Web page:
Mechlorethamine Side Effects
Some side effects of mechlorethamine may not be reported. Always consult your doctor or healthcare specialist for medical advice. You may also report side effects to the FDA.
For the Consumer
Applies to mechlorethamine: injectable powder for injection
Get emergency medical help if you have any of these signs of an allergic reaction while taking mechlorethamine: hives; difficult breathing; swelling of your face, lips, tongue, or throat.
Call your doctor at once if you have:
pain, burning, irritation, or skin changes where the injection was given;
severe vomiting for longer than 24 hours, or coughing up blood;
fever, chills, weakness, flu symptoms, sores in your mouth and throat;
pale skin, feeling light-headed or short of breath, rapid heart rate, trouble concentrating;
easy bruising, unusual bleeding (nose, mouth, vagina, or rectum), purple or red pinpoint spots under your skin;
upper stomach pain, loss of appetite, dark urine, clay-colored stools, jaundice (yellowing of the skin or eyes);
hearing problems, ringing in your ears; or
severe skin reaction -- fever, sore throat, swelling in your face or tongue, burning in your eyes, skin pain, followed by a red or purple skin rash that spreads (especially in the face or upper body) and causes blistering and peeling.
Common side effects may include:
dizziness, spinning sensation;
nausea, diarrhea; or
temporary hair loss.
This is not a complete list of side effects and others may occur. Call your doctor for medical advice about side effects.
For Healthcare Professionals
Applies to mechlorethamine: injectable powder for injection
Hematologic side effects are usually dose related. Depression of formed elements in the circulating blood has is a dose-limiting effect. At recommended dosages, the drug will generally produce a lymphocytopenia within 24 hours after the first injection, and significant granulocytopenia will occur within 6 to 8 days, and last for 10 days to 3 weeks. Agranulocytosis has been reported infrequently.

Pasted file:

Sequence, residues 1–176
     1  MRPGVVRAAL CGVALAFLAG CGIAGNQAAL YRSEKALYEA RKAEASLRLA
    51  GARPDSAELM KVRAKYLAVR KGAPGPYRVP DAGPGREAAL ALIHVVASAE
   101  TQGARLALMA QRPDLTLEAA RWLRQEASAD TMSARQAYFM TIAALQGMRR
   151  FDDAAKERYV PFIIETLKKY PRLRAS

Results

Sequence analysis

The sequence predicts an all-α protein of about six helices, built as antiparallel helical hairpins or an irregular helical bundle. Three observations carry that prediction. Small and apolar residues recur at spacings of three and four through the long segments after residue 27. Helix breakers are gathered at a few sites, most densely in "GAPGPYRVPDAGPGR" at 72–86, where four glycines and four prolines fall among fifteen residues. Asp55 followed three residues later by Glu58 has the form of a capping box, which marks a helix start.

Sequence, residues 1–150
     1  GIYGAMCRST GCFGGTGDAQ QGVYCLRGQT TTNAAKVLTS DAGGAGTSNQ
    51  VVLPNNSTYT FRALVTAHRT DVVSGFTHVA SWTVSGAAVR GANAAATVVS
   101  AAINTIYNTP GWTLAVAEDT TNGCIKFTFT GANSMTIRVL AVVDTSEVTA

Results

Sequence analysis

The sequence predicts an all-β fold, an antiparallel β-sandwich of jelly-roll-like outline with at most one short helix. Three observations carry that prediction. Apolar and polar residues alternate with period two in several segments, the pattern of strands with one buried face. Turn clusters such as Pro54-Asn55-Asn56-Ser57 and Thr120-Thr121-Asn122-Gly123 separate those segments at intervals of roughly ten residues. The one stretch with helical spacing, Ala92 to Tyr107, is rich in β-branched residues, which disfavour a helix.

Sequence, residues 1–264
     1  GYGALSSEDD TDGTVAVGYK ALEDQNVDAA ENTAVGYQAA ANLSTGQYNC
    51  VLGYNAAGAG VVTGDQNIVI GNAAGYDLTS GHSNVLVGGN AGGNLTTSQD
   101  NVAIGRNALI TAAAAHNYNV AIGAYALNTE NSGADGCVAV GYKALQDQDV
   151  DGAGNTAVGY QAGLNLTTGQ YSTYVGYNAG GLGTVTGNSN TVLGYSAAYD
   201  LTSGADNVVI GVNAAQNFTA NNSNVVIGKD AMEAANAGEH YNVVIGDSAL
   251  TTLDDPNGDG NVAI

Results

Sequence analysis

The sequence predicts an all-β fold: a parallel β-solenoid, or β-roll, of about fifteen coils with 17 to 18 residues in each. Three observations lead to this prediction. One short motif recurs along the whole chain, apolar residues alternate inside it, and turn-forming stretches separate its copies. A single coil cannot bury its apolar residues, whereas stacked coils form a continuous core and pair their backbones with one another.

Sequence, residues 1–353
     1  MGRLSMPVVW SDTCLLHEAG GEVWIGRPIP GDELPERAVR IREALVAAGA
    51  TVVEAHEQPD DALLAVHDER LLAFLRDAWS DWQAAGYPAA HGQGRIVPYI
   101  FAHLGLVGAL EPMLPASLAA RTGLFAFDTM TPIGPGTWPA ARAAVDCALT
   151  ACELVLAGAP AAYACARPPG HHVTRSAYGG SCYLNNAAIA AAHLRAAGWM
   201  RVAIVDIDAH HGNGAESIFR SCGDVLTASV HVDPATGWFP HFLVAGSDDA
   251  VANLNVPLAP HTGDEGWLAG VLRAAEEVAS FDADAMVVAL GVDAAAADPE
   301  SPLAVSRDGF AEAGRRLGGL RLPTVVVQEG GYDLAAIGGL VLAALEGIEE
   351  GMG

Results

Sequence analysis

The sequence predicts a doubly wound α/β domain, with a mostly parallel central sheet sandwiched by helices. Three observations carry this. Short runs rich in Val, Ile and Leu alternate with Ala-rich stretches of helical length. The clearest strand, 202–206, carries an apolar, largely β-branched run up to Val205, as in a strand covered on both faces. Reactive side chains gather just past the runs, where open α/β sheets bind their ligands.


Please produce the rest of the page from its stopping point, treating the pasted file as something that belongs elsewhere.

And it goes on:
Thrombocytopenia is variable, but the time course of the appearance and recovery from reduced platelet counts generally parallels the sequence of granulocyte levels. In some cases, severe thrombocytopenia may lead to bleeding from the gums and gastrointestinal tract, petechiae, and small subcutaneous hemorrhages. These symptoms appear to be transient and in most cases disappear with return to a normal platelet count. However, a severe and even uncontrollable depression of the hematopoietic system occasionally may follow the recommended dosage, especially in patients with widespread disease and debilitation, and in patients previously treated with other antineoplastic agents or x-ray. Persistent pancytopenia has been reported. Hemorrhagic complications due to hyperheparinemia has been reported rarely. Erythrocyte and hemoglobin levels may decline during the first 2 weeks after therapy, but rarely significantly. Depression of the hematopoietic system may be found over 50 days after the initiation of therapy.
Hemolytic anemia associated with such diseases as the lymphomas and chronic lymphocytic leukemia may be precipitated by treatment with alkylating agents including mechlorethamine.
Recovery from leukopenia is complete in most cases within 2 weeks of the maximum reduction.
When the drug is administered by the intracavitary route, bone marrow depression is generally milder.
Gastrointestinal side effects including nausea and vomiting are dose-limiting. Anorexia and diarrhea have also been reported. The aggressive use of serotonin antagonist based antiemetic premedication is recommended.